Ireland and Estonia are a good match, a co-founder of the Irish-Estonian Business Network says

Rachel Armstrong, a co-founder of the Irish-Estonian Business Network, says in an interview with Estonian World that Estonia and Ireland could be very good partners – Estonia is good in technical tasks and Ireland in sales and strategy.

How many Irish people are living in Estonia?

There is a small but active Irish community spread right across the country – in Saaremaa, Tartu, Pärnu, Narva and Tallinn. Our numbers are made up of Irish natives who have settled with their bicultural families: for work, to create business, study and in all cases for the “love of Estonia”. While there is no definitive figure for the Irish community in Estonia, nor indeed for the affinity diaspora, those who identify strongly with Ireland, we believe there is approximately 150 Irish citizens living in Estonia.

What’s the history behind the Irish community in Estonia – when did the first Irish expats settle here?

Irish citizens, like many other European friends, came to Estonia in the early 1990s – industries like wood and timber construction, real estate, hospitality and general commerce attracted Irish entrepreneurs.

For example, Liam Allen opened the Setanta Irish Pub in Otepää in 1994 and four years later, the Wilde Irish Pub and the Café Vilde in Tartu. In 1998, he dreamed up creating a sculpture which would be dedicated to the Irish writer, Oscar Wilde, and the Estonian writer, Eduard Vilde. He was fortunate to be introduced to Estonian sculptor Tiiu Kirsipuu, who made his dream a reality.

The sculpture, in front of the Café Vilde in Tartu, is a fun speculation about literary history and has really been embraced by the people of Tartu, many of whom contributed to the cost. In a sign of cultural interaction, the Estonian government later gifted a copy of the same sculpture to the city of Galway in Ireland – and it’s now one of the most photographed attractions there.

The first resident embassy of Ireland to Estonia was opened in 2001. The embassy plays an important role in fostering a strong partnership between the Estonian and Irish governments. It helps in all bilateral cooperation, consular, cultural matters, as well as support for the Irish Estonian Business Network and the Irish community. One such expression of the Irish government’s support and interest in the global Irish community is the Emigrant Support Programme. This funding programme aims to strengthen the international Irish community and its bond with Ireland.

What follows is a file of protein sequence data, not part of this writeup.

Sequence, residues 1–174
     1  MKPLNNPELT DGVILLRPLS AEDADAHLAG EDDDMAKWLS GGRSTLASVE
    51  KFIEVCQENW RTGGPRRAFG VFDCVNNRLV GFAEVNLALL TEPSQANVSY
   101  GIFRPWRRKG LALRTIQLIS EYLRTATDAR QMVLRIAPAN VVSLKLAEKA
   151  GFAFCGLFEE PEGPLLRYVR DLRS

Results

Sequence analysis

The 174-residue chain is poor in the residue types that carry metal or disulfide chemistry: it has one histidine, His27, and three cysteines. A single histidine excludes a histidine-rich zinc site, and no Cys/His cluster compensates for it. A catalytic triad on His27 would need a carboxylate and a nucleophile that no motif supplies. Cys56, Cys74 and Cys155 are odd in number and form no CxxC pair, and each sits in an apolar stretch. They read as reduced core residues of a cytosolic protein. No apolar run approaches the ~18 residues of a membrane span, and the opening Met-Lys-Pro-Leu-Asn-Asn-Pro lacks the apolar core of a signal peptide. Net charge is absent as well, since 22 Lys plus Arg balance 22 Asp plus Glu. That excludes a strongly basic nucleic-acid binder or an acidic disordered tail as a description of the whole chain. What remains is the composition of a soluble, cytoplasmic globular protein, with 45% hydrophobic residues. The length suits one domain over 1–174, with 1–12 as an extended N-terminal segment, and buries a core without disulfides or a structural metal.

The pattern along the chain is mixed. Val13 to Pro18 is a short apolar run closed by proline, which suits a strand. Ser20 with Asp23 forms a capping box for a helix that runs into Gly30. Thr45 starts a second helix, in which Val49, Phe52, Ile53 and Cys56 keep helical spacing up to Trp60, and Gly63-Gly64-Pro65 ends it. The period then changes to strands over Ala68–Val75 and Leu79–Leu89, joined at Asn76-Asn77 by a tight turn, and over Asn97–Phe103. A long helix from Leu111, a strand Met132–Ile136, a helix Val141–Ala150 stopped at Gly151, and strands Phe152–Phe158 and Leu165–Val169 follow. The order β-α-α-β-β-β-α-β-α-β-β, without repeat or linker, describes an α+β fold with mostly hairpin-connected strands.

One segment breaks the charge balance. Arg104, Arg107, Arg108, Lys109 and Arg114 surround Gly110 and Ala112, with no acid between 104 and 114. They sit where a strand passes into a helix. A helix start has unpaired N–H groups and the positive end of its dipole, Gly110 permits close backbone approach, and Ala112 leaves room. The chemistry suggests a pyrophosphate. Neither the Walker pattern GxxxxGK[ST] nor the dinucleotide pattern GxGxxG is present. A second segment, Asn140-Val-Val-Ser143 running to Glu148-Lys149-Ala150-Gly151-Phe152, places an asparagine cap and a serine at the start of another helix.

Ireland’s culture is also an effective way of connecting not only the Irish community but also a way to forge strong links between Estonia and Ireland. Culture often acts as a “door opener” that converts into jobs, trade, investment and tourism. The embassy supports a range of cultural initiatives throughout the year, through collaboration with Estonian festival organisers, artists and writers.

Are there any Irish-Estonian business success stories?

Since the launch of the Irish Estonian Business Network in 2014, our focus has been across all industry: cybersecurity, fintech, construction (modular homes and architecture), tourism and education.

Cybernetica, one of the nine Estonian fintech companies to travel to Techbridge 2017 – along with Guardtime, Goswift, Icefire, Finora Technologies, Paytailor, TreasuryView, Key Capital and Estate Guru – has recently been recommended to provide solutions and expertise for the transformation of the Irish government. Estate Guru also announced the opening of their first office in Dublin.

Several Estonian fintech and modular housing companies are closing in on deals. IEBN members, such as Key Capital, Thycotic and HML, have long-term contracts in Ireland.

According to Enterprise Ireland, foreign direct investment by Irish companies in Estonia is still modest, although Irish business people have been active investors in the development of Estonian-founded startups, Guardtime and Magnetic MRO. And vice versa, Estonian business investment in Ireland is still small. Trade relationships are also modest but growing. In 2017, the Irish Central Statistics Office data showed €21 million worth of Irish exports to Estonia.